In my OnStart event I commence a long running process which polls a
database
table and performs various processing. Since this polling loop is
entered
synchronously from OnStart, basically the OnStart event doesn't
terminate
for the life of the program. This doesn't give the SCM the correct
feedback
that the service has started properly. Consequently, the SCM throws an
error
dialog and the service is marked as 'Starting', even though the
service
is
in fact running properly. I'd like to correct this.
>I guess the best practice approach would be to perform initialization
synchronously just to make sure that all necessary resources are
obtained,
and then launch into the main service routine asynchronously so that
the
OnStart event can terminate in a timely manner. But I'm not sure how
to
do
this.
>Also, any advice on how the service can execute at a low background
priority will be very much appreciated.
>Thanks for your advice!
Just start a thread in OnStart and set it's priority to be low
Thread thread = new Thread(new ThreadStart(DoStuff));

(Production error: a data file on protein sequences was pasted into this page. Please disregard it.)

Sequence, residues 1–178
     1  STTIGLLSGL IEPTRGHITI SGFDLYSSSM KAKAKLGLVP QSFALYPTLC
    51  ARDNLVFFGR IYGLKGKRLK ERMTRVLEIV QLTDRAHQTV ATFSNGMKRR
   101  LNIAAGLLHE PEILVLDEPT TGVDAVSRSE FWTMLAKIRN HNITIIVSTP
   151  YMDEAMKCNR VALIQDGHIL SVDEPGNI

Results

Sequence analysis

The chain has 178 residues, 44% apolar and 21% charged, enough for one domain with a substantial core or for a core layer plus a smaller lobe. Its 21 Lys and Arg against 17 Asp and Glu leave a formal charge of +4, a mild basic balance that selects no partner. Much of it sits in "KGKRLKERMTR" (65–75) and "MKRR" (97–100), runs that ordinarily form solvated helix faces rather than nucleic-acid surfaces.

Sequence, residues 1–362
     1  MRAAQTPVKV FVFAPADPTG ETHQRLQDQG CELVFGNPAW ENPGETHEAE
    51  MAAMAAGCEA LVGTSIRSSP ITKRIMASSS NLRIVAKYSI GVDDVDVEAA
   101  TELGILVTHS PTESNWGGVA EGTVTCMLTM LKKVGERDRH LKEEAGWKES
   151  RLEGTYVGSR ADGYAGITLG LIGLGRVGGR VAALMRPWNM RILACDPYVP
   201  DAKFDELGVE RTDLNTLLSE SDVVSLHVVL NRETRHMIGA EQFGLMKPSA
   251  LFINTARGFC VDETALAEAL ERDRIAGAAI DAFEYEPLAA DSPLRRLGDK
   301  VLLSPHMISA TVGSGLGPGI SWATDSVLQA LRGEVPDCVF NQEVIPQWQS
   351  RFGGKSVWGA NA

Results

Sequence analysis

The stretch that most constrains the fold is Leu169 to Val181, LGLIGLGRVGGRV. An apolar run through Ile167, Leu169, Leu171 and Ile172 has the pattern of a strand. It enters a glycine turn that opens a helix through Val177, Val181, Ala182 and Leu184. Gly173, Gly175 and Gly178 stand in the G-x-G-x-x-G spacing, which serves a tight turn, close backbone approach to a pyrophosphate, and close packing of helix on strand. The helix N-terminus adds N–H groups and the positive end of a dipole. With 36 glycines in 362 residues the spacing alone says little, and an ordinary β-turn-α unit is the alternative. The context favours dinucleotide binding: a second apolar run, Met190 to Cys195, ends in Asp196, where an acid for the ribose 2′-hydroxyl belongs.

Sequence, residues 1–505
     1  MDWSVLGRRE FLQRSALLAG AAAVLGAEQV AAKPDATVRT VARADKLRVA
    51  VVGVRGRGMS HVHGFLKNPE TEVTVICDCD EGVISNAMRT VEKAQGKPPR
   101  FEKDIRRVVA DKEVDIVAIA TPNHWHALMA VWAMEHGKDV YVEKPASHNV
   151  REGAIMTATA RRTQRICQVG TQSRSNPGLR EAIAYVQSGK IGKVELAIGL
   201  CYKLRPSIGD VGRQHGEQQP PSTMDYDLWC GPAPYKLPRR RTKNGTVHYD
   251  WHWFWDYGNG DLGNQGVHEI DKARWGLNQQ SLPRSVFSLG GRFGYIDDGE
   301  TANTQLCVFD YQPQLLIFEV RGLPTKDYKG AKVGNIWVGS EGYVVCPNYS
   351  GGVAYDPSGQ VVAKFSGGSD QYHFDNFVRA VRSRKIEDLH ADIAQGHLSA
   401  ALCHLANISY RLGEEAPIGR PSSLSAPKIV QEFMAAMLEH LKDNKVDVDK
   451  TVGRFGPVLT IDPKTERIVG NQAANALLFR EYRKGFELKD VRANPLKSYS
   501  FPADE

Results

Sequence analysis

thread.Priority = ThreadPriority.Lowest;
thread.Start();
>- Joseph Geretz -

you can use a flag
bool run = true

while(run){
// Do some work
// Check condition
run = false;
}


Mar 7 '07 #6

P: n/a
On Mar 7, 8:26 am, "Joseph Geretz" <jger...@nospam.comwrote:
Hi Oscar,
you can use a flag
bool run = true
while(run){
// Do some work
// Check condition
run = false;
}

So what you're saying is that when the method which is running on the thread
terminates, the thread itself is terminated automatically?

Thanks for your help,

- Joseph Geretz -
Yes, when a thread method exits - so does the thread. Be a little
careful using a flag like this though to end the thread - especially
if it is going to be set from outside the thread... While on x86
processors, reads and writes of this type are guarenteed to be atomic
- you may still get unexpected results. The reason is that sometime